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Home > Dictionary of Science Quotations > Scientist Names Index P > John Wesley Powell Quotes

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John Wesley Powell
(24 Mar 1834 - 23 Sep 1902)

American geologist and ethnologist who led an exploration of 1,000 miles of the then-unknown Colorado River with a small party of men in boats. He wrote The Canyons of the Colorado and published the first classification of American Indian languages.

Science Quotes by John Wesley Powell (17 quotes)

Oil portrait, John Wesley Powell, seated on chair, upper body, facing front. His empty right sleeve indicates his amputated arm
Oil portrait of John Wesley Powell (1889)
artist: Edmund Clarence Messer (source)
Economy in speech is the force by which its development has been accomplished, and it divides itself properly into economy of utterance and economy of thought. Economy of utterance has had to do with the phonic constitution of words; economy of thought has developed the sentence.
— John Wesley Powell
In Introduction to the Study of Indian Languages: With Words, Phrases and Sentences to be Collected (1880), 74b.
Science quotes on:  |  Accomplishment (95)  |  Division (66)  |  Economy (56)  |  Linguistics (38)  |  Sentence (31)  |  Speech (64)  |  Thought (956)  |  Utterance (11)  |  Word (625)

In Seneca the north is “the sun never goes there,” and this sentence may be used as adjective or noun; in such cases noun, adjective, verb, and adverb are found as one vocable or word, and the four parts of speech are undifferentiated.
— John Wesley Powell
In Introduction to the Study of Indian Languages: With Words, Phrases and Sentences to be Collected (1880), 73.
Science quotes on:  |  Adjective (3)  |  Adverb (3)  |  Indian (31)  |  Linguistics (38)  |  Noun (6)  |  Sun (388)  |  Undifferentiated (2)  |  Verb (4)  |  Word (625)

In Ute the name for bear is “he seizes,” or “the hugger.” In this case the verb is used for the noun, and in so doing the Indian names the bear by predicating one of his characteristics. Thus noun and verb are undifferentiated.
— John Wesley Powell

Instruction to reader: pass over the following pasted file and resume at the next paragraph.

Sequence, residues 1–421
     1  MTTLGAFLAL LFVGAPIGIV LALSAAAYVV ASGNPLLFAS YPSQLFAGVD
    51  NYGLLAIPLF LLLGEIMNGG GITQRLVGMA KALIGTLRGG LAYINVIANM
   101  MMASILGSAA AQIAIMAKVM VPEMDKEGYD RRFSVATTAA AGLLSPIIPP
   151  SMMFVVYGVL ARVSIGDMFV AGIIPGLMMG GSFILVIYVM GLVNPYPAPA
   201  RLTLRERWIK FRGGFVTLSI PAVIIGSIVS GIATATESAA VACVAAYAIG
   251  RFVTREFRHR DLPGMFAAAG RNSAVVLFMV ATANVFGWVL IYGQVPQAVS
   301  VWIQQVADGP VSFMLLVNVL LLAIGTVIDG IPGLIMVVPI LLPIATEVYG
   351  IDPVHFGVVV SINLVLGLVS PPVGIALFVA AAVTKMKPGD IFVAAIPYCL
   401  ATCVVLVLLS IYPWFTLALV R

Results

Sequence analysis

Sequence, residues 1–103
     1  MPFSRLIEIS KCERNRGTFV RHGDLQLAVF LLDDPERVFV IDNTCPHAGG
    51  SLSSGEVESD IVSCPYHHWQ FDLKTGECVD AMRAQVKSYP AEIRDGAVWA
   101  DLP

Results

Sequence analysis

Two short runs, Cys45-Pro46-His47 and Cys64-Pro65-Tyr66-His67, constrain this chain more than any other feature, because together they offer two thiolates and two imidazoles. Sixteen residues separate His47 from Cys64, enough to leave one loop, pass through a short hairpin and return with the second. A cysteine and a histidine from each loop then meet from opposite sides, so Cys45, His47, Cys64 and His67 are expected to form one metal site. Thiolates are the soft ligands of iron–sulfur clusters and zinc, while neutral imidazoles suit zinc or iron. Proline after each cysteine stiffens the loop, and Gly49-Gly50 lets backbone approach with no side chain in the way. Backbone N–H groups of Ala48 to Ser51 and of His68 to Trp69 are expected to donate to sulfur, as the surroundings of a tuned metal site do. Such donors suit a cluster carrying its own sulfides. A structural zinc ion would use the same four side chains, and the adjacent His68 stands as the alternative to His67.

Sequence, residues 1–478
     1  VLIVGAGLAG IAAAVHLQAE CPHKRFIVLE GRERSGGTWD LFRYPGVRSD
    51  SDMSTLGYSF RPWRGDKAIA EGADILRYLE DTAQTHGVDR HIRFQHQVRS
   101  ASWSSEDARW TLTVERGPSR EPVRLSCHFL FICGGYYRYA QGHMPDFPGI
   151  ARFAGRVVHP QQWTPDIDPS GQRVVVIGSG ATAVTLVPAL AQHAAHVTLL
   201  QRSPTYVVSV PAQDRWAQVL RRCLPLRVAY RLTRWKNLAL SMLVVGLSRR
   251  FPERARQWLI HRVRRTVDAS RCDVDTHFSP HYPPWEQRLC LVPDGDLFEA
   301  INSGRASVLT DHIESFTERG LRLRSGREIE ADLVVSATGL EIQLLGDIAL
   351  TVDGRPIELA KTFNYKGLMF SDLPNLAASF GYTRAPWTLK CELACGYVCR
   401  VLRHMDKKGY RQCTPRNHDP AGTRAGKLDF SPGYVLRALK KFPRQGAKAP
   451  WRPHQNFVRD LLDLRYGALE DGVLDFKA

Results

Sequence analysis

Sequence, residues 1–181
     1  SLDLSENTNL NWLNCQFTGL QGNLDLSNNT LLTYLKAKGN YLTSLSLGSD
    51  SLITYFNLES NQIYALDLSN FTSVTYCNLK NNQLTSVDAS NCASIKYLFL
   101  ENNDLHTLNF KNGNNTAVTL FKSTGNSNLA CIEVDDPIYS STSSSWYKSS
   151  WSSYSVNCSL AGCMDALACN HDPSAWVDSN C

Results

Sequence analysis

In Introduction to the Study of Indian Languages: With Words, Phrases and Sentences to be Collected (1880), 73.
Science quotes on:  |  Bear (160)  |  Characteristic (150)  |  Hug (3)  |  Indian (31)  |  Linguistics (38)  |  Noun (6)  |  Seize (17)  |  Undifferentiated (2)  |  Verb (4)

Indian nouns are extremely connotive; that is, the name does more than simply denote the thing to which it belongs; in denoting the object, it also assigns to it some quality or characteristic.
— John Wesley Powell
In Introduction to the Study of Indian Languages: With Words, Phrases and Sentences to be Collected (1880), 72.
Science quotes on:  |  Assign (14)  |  Characteristic (150)  |  Denote (6)  |  Indian (31)  |  Linguistics (38)  |  Noun (6)  |  Object (423)  |  Quality (135)

Many years have passed since the exploration, and those who were boys with me in the enterprise are—ah, most of them are dead, and the living are gray with age. Their bronzed, hardy, brave faces come before me as they appeared in the vigor of life; their lithe but powerful forms seem to move around me; and the memory of the men and their heroic deeds, the men and their generous acts, overwhelms me with a joy that seems almost a grief, for it starts a fountain of tears. I was a maimed man; my right arm was gone; and these brave men, these good men, never forgot it. In every danger my safety was their first care, and in every waking hour some kind service was rendered me, and they transfigured my misfortune into a boon.
— John Wesley Powell
In 'Preface' to Canyons of the Colorado (1895), v.
Science quotes on:  |  Bravery (2)  |  Danger (117)  |  Exploration (140)  |  Handicap (7)  |  Safety (55)  |  Teamwork (6)

On my return from the first exploration of the canyons of the Colorado, I found that our journey had been the theme of much newspaper writing. A story of disaster had been circulated, with many particulars of hardship and tragedy, so that it was currently believed throughout the United States that all the members of the party were lost save one. A good friend of mine had gathered a great number of obituary notices, and it was interesting and rather flattering to me to discover the high esteem in which I had been held by the people of the United States. In my supposed death I had attained to a glory which I fear my continued life has not fully vindicated.
— John Wesley Powell
First paragraph in 'Preface' to Canyons of the Colorado (1895), iii.
Science quotes on:  |  Colorado River (5)  |  Esteem (16)  |  Exploration (140)  |  Glory (60)  |  Obituary (11)  |  Tragedy (30)

Possible ideas and thoughts are vast in number. A distinct word for every distinct idea and thought would require a vast vocabulary. The problem in language is to express many ideas and thoughts with comparatively few words.
— John Wesley Powell
In Introduction to the Study of Indian Languages: With Words, Phrases and Sentences to be Collected (1880), 55.
Science quotes on:  |  Idea (846)  |  Linguistics (38)  |  Problem (680)  |  Thought (956)  |  Vocabulary (9)  |  Word (625)

The glories and the beauties of form, color, and sound unite in the Grand Canyon—forms unrivaled even by the mountains, colors that vie with sunsets, and sounds that span the diapason from tempest to tinkling raindrop, from cataract to bubbling fountain.
— John Wesley Powell
In Canyons of the Colorado (1895), 397.
Science quotes on:  |  Beauty (301)  |  Bubble (23)  |  Cataract (3)  |  Color (139)  |  Form (961)  |  Fountain (17)  |  Geology (223)  |  Glory (60)  |  Grand Canyon (8)  |  Mountain (189)  |  Raindrop (4)  |  Sound (184)  |  Sunset (27)  |  Tempest (7)  |  Unite (43)